My Diagnosis Journey: Part 2

Read Part 1 here

Finding a new doctor was not easy, especially because I had moved to a new state. When it was time for my yearly, I wished I didn’t have to go. I disliked these check-ups as it was, and to know I had to deal with a whole new doctor made me nervous. As I sat through that dreadful appointment, the doctor told me my cervix was inflamed and bleeding. She claimed it was normal and would go down. As always, I listened and didn’t question a thing. My periods still seemed non-existent or light due to the pill, and my pain seemed to only be around my period. So, I figured there wasn’t all that much to question.

Waiting for answers

A whole year went by and it was time for my yearly again. The doctor performed the check up only to tell me my cervix was again inflamed and bleeding…. but still took no action. A few days later, my phone rang to tell me my pap smear had come back abnormal. My mind raced to the worst-case scenario possible. As I went in for the second procedure (for them to take a sample), I prayed nothing was wrong. Luckily for me, it was a false positive.

But a part of me felt something wasn’t right. Sex started to hurt, along with heavy bleeding right after sex and the pains in my stomach were increasing. Each time I went to the gynecologist, she blamed it on my birth control and would switch me to something new. I fought back and forth for many years, with many doctors. Eventually, I gave up.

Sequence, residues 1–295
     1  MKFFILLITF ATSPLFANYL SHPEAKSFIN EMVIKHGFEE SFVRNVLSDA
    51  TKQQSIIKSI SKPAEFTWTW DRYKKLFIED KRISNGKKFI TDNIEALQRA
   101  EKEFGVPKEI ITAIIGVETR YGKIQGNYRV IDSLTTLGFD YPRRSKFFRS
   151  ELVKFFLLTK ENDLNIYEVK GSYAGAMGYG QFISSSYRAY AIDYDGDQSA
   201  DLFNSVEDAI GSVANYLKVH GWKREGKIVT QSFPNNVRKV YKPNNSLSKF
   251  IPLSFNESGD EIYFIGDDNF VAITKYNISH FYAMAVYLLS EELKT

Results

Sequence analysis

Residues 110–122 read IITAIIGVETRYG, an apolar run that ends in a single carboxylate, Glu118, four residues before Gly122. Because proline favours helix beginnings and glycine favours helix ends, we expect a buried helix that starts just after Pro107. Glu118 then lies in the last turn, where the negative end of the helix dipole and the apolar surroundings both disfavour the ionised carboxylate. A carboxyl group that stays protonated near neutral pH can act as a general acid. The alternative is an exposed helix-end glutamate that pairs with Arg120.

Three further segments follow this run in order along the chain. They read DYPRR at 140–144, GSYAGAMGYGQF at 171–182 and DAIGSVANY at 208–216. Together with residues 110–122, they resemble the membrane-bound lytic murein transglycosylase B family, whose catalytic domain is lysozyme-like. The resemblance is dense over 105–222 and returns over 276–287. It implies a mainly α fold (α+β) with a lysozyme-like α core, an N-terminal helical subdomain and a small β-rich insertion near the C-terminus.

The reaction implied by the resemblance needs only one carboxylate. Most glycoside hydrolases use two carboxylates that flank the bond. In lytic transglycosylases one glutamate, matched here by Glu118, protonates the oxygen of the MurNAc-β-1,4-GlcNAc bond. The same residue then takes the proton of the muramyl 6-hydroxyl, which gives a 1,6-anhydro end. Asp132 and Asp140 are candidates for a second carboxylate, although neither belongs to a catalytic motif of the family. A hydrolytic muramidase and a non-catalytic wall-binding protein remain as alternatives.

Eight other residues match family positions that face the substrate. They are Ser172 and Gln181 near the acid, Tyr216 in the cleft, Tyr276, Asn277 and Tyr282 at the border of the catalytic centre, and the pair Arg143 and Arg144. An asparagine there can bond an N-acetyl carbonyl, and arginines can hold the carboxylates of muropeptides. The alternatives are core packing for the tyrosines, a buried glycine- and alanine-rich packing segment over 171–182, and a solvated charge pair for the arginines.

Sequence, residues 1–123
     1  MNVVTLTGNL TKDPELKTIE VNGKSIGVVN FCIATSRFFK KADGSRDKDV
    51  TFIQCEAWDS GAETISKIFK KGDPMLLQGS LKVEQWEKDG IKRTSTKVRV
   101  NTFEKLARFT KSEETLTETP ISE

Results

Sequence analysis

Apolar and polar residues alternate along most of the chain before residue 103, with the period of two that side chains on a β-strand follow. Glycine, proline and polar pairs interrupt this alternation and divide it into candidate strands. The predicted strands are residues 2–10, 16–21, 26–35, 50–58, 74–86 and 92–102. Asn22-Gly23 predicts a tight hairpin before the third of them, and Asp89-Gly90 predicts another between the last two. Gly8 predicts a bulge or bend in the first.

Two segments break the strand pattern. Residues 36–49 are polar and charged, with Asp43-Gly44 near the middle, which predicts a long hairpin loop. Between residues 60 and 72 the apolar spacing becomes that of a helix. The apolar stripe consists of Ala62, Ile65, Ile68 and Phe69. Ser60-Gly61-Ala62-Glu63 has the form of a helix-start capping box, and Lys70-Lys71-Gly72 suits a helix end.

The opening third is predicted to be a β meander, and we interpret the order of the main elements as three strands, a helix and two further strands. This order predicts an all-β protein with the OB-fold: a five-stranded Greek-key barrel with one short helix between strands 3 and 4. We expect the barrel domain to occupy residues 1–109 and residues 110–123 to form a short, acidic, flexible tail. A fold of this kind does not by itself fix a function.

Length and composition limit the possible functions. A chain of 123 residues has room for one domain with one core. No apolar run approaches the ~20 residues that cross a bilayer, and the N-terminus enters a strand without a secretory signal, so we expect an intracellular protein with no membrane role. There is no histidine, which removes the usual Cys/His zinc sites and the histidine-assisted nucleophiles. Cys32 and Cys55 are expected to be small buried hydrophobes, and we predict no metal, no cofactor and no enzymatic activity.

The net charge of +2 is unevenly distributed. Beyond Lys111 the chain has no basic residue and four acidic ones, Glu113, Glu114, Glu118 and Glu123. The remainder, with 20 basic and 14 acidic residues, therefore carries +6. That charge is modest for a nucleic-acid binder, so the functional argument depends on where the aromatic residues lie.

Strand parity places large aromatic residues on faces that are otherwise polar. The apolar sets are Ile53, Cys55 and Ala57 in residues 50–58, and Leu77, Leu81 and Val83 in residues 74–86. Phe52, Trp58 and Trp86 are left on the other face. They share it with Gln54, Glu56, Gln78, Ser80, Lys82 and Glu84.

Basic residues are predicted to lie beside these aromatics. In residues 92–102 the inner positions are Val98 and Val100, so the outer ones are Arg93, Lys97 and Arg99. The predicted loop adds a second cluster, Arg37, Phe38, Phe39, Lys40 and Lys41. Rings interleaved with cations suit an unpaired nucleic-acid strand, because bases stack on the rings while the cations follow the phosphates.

Around January of 2016, I started to feel very sick. Each day was a battle of diarrhea, constipation, nausea, puking, and dizzy spells. According to my doctor, this was normal. When I finally found a primary care doctor to run some tests, I thought I would find all the answers. Blood tests came back normal, besides my vitamin D. My doctor decided to send me back to GI, due to my diarrhea and nausea being so bad.

Tests, tests, and more tests

The GI ran all sorts of scans, along with another colonoscopy, a two-hour stomach study, and endoscopy. Each came back with something, but nothing big enough for the doctor to treat me. He insisted I tried the FODMAP diet. I thought to myself, “great, another diet”.

When the diet did not help, my GI doctor decided to send me to the heart doctor, because I was having a lot of pain and issues. I went through many more scans, along with an exercise stress test and a scan of my heart. Besides a leaky heart valve, nothing concerning was found. I was back on the which doctor next train and it headed to the lung specialist. Because of my dizzy spells, palpitations, and struggling taking deep breaths, the lung doctor ran some of his own tests. Nothing abnormal besides nodules on my lungs. Which meant, still no answers.

Endometriosis runs in the family

As I continued my research, I learned about endometriosis. To my surprise, three out of my four aunts had it. This was now the only thing on my mind. I was ready to find a doctor willing to help me. But, would anyone?

Coming soon…Part 3

This article represents the opinions, thoughts, and experiences of the author; none of this content has been paid for by any advertiser. The Endometriosis.net team does not recommend or endorse any products or treatments discussed herein. Learn more about how we maintain editorial integrity here.

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